Better Late than Never for Eric Topol
Cardiologist Eric Topol writes:
Rapidly scale the production of the anti-Covid pill Paxlovid, which is about to get FDA emergency authorization and the topic of my last post here. There will be a large number of non-mild infections going forward and we now have a treatment that is expected to work extremely well against Omicron, but the supply is dreadfully short. I wrote more about this today Enacting the Defense Production Act, as the President has done for rapid test production, is one way to solve this shortage problem. Our healthcare workforce, already compromised in numbers and morale, will likely be hit hard by Omicron infections. Having a pill treatment that knocks viral load down by 10-fold quickly, to potentially get them back in action in a short time lag (e.g. 2 days instead of 10) may prove vital. We need to get studies on transmission of Omicron done ASAP, and particularly with Paxlovid treatment to nail this time interval down, as discussed in my recent Q&A with New York magazine.
Good for him. He wants the FDA to approve Paxlovid rapidly.
This is better late never. Contrast his view here with his view that he hoped the FDA would slow down the Covid vaccine and make sure it didn’t get approved until after the November presidential election:
If Trump badgered the US Food and Drug Administration into prematurely releasing a vaccine that wasn’t effective, or even caused harm, it could shake the public’s trust in any covid-19 vaccine. And if we are to achieve wide immunity against SARS-CoV-2, we’ll need to vaccinate more people than the number that get flu shots each year. Releasing a vaccine that people are afraid of could do more harm than good.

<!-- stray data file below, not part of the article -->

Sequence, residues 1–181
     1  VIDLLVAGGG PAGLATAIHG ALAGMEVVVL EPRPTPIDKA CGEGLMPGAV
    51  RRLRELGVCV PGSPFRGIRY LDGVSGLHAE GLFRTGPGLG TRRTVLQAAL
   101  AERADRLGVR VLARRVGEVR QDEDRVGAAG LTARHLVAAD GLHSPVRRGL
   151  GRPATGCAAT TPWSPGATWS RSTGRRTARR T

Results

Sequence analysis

To prevent such a scenario, Topol led online calls for FDA commissioner Steve Hahn to resign after his agency was criticized for cowing to political pressure—and then phoned Hahn a number of times to urge him to resist Trump’s influence. Topol also targeted Pfizer, the only pharmaceutical company likely to seek approval of its vaccine before Election Day, which eventually set up a meeting for him with its vaccine team.
On October 16, Topol and his allies were able to claim success: Pfizer CEO Albert Bourla said the company would not be able to seek emergency approval for its vaccine before the third week in November, owing to safety standards that had been put in place by the FDA. Those standards had been issued against Trump’s wishes, but at the urging of Topol and other advocates.
The above is from Antonio Regalado, “One doctor’s campaign to stop a covid-19 vaccine being rushed through before Election Day,” MIT Technology Review, October 19, 2020.
Call me cynical about cardiologist Eric Topol’s motives, if you will, but in this case I spell cynical r-e-a-l-i-s-t-i-c.
HT2 chrisare, a commenter on this post.
Question: With the benefit of hindsight, and assuming, as seems plausible from the MIT Technology Review article referenced above, that Topol helped slow the vaccine approval by a few weeks, how many extra deaths did Dr. Topol contribute to?